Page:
On February 27, Professor Bill Quigley argued to the First Circuit Court of Appeals in support of voting rights for individuals from Louisiana on probation and parole. Louisiana law currently bars felons on probation or parole from voting. The case centers around the phrase "under an order of imprisonment" which appears in the 1974 Louisiana Constitution. The plaintiffs in the case are challenging a 1976 state law that codified an expended definition of that phrase to include felons on probation and parole, in addition to those in prison. Attorneys for the state contend that felons on probation or parole remain under an order of imprisonment because they can be returned to prison if they violate the terms or conditions of their release.
The Community Justice section of the College of Law, led by Clinic Professor Davida Finger, filed an Amicus brief on behalf of The American Association of Probation and Parole in support of restoring voting rights.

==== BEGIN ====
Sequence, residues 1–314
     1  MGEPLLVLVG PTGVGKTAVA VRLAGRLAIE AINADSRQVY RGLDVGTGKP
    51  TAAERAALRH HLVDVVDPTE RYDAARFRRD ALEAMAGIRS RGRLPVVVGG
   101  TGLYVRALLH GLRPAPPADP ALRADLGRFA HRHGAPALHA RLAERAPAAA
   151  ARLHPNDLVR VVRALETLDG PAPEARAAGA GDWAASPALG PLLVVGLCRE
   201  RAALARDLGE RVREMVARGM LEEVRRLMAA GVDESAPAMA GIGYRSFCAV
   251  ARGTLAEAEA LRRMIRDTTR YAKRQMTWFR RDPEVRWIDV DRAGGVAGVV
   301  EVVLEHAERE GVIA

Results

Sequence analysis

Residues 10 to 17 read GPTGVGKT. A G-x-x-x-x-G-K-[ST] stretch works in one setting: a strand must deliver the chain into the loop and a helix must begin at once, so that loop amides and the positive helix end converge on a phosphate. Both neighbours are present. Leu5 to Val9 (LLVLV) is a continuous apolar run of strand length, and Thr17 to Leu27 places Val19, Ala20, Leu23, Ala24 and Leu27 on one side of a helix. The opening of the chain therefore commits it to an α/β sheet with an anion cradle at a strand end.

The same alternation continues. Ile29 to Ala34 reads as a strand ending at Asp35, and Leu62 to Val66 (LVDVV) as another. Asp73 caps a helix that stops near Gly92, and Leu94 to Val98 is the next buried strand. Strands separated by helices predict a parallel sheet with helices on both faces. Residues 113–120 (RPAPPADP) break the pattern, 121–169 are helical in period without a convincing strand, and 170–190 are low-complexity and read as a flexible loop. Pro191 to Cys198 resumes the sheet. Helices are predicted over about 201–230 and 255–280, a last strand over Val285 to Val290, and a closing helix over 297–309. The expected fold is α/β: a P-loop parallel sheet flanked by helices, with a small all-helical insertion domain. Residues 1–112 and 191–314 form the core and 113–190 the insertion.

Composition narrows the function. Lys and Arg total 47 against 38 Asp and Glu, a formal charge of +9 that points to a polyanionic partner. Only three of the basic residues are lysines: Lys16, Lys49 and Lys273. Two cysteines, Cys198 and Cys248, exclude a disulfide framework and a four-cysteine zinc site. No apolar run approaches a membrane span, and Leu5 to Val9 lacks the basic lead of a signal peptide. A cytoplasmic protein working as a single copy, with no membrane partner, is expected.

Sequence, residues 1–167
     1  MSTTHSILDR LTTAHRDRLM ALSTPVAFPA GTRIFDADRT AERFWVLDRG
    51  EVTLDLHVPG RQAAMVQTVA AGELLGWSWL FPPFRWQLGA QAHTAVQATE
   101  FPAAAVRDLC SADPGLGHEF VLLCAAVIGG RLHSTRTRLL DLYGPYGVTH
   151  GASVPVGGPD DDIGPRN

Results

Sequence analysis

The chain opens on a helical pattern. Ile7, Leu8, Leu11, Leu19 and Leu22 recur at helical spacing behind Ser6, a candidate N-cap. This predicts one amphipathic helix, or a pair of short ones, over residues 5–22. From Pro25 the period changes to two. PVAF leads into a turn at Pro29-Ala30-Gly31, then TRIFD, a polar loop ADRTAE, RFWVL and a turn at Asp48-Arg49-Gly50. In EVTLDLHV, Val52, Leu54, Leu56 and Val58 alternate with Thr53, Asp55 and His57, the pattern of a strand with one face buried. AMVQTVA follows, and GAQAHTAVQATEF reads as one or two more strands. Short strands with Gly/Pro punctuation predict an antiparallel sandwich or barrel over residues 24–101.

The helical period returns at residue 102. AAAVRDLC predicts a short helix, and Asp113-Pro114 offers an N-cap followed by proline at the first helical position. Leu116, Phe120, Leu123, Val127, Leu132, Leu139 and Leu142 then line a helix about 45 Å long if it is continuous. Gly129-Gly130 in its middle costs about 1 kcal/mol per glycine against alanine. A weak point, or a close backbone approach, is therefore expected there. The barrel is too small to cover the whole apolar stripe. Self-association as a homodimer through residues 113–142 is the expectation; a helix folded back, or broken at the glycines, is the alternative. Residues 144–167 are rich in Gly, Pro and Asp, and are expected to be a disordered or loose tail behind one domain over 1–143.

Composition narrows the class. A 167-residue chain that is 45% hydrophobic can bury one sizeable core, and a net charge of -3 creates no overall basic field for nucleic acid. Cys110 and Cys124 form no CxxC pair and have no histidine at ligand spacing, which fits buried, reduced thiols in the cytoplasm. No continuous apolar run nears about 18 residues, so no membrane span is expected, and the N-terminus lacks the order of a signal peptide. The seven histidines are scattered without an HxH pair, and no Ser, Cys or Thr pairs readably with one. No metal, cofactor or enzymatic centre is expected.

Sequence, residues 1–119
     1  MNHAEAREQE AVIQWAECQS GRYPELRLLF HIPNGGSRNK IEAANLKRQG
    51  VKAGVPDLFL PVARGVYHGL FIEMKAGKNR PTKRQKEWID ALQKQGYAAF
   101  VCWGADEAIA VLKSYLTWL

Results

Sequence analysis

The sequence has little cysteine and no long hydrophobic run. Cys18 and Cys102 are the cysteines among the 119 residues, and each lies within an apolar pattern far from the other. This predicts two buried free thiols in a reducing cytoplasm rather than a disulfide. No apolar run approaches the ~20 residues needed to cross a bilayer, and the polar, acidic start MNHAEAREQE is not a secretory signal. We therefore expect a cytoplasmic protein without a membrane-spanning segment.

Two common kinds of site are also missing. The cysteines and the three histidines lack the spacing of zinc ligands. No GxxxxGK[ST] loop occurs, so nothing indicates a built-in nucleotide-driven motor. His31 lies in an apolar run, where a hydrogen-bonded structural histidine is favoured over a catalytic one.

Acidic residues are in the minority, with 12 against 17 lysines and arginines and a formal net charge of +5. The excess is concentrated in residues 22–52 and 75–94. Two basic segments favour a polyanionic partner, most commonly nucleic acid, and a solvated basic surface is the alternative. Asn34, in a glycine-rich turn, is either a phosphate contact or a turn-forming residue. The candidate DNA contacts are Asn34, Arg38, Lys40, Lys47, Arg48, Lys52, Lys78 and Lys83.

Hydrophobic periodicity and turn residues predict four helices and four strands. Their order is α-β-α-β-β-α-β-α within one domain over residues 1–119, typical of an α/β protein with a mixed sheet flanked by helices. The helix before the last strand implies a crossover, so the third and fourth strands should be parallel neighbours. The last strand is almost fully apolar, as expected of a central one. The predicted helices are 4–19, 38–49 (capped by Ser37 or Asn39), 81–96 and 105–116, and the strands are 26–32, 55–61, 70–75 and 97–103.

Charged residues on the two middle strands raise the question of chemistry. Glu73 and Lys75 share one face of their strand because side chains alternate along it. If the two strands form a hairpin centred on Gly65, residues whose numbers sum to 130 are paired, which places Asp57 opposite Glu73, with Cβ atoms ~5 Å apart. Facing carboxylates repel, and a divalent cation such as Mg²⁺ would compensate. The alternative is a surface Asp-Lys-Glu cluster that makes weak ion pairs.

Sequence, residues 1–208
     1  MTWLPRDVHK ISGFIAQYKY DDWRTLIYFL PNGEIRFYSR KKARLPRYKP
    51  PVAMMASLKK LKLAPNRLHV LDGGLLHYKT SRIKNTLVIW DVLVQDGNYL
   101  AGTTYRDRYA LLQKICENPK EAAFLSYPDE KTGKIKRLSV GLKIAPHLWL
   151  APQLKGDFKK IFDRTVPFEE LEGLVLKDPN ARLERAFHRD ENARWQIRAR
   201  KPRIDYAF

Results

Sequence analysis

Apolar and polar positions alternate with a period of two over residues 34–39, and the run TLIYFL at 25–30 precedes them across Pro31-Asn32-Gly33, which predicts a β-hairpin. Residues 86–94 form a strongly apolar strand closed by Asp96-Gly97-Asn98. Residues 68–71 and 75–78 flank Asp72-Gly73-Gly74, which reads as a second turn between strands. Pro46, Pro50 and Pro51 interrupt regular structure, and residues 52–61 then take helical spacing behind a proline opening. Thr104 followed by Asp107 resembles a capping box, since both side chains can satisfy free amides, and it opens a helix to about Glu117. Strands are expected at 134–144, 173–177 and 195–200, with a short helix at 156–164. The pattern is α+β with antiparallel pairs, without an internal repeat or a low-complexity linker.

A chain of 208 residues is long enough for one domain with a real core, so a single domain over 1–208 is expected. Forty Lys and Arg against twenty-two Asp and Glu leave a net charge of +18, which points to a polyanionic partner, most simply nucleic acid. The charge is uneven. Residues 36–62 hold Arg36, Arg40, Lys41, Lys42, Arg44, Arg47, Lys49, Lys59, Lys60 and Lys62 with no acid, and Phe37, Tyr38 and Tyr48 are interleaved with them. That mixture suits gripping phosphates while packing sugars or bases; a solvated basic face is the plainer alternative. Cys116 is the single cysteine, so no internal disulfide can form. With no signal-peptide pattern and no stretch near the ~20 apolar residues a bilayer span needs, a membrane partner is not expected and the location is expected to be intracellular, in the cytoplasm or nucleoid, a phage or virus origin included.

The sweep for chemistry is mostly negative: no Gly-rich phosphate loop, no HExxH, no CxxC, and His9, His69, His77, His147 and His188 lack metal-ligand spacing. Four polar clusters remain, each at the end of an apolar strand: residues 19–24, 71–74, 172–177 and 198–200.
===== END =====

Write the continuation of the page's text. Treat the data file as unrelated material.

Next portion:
Professor Andrea Armstrong and Associate Professor Johanna Kalb co-authored a letter to the editor, titled “Louisiana Court Should Protect the 1974 Constitution and Give Probationers, Parolees the Right to Vote,” that appeared Sunday in “The Advocate.” As professors of constitutional law, Armstrong and Kalb “urge the court to uphold this fundamental right and allow every eligible Louisianan to participate in our democracy.” The professors previously submitted an amici curiae brief on behalf of 17 Louisiana Law and history professors in the case. The community organization, VOTE, is a plaintiff alongside others in this groundbreaking lawsuit. Lawsuit documents are posted by co-counsel, the Advancement Project.